Forget complicated time travel and all its issues with paradoxes and whether you can actually meet yourself or irrevocably changing the timeline due to stepping on a bug. The real fun is in controlling the present, more specifically slowing it down so you can make changes without being affected. A good example of this is Quicksilver’s awesome kitchen scene in X-Men: Days of Future Past where he just owns the room. That’s kind of the premise with Time Hacker, an upcoming virtual reality (VR) title from Joy Way where the aim is to save the day by taking out the bad guys in each scene.
You play a superhero who can create a bubble of time in which everything is slowed to a crawl, just long enough to nip around and move a box or maybe a bullet or two. Your skills are needed because of some dangerous humanoid killer robots who despite their shiny exterior seem more like Russian gangsters just going about their daily criminal lives.
In any case, in a sort of Warioware-style timed puzzle madness you’re dropped into each scenario and given a few seconds to orientate yourself, drop a bubble and get to work. The mechanics are fairly simple at this stage, you’ve got continuous locomotion, teleport, the ability to grab objects as well as being able to jump into certain enemy’s skin, lovely! All that’s required is to kill however many opponents are there, miss one and you can keep restarting the level until you find a successful combination.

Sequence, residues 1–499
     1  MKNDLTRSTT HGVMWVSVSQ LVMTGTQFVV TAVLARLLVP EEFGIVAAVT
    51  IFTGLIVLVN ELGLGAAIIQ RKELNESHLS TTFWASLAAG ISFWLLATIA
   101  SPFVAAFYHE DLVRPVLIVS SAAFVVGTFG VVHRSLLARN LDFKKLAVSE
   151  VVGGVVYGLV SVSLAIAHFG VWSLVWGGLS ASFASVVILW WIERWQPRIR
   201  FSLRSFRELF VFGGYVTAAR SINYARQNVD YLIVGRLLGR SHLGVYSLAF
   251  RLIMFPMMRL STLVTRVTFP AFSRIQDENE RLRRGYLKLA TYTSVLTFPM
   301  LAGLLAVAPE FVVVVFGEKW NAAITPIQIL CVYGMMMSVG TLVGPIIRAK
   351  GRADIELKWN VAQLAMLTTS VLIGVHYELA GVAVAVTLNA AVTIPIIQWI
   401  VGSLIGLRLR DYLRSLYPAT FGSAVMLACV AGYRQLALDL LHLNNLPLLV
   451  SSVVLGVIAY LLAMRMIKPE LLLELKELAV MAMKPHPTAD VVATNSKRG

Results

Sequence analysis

This generally tends to revolve around getting the hoods to shoot one another or activate an environmental trap to take out multiple foes. While there may only be on average 30 seconds to complete a level that’s generally plenty of time, there never seemed to be a lack of it. As you can move enemies to place them near hazards there’s a nice comedy undertone to Time Hacker, where you can manipulate them like puppets, sitting them on explosive barrels or putting them in the way of their own bullet.
Levels progress nicely enough, introducing new mechanics such as cars and spiked barrels to avoid giving a suitable room-scale gameplay element. Because even if you get everything right, if your character gets hits by a wayward bullet or piece of debris then it will be time to restart. As all of this is in slow motion the environment doesn’t stand still, requiring an element of forethought as to how certain shifts may take place within the scene to unravel your solution.
There is, of course, a level of repetition to the gameplay because not every element is interactive. Time Hacker has the illusion of creative freedom to tackle each level however you wish but like most puzzles, there’s usually one solution; making for a quickfire, complete and move on experience. At the moment Time Hacker is fairly barebones with no level select or options menus to speak of. It would be good to see the mechanic to select enemies a little more finely tuned and fluid as when things start to fly on the later levels each precious second counts.
Just like the X-Men film, Time Hacker’s premise is one with all sorts of possibilities. There’s so much to work with that Joy Way could have a really entertaining action-puzzler on its hands, a perfect fit for VR. Just so long as enough variety is put in so you can adapt scenarios in new ways, creating amusing chain reactions in the process. One thought, if they are robots then surely their limbs could be detachable, making for useful weapons?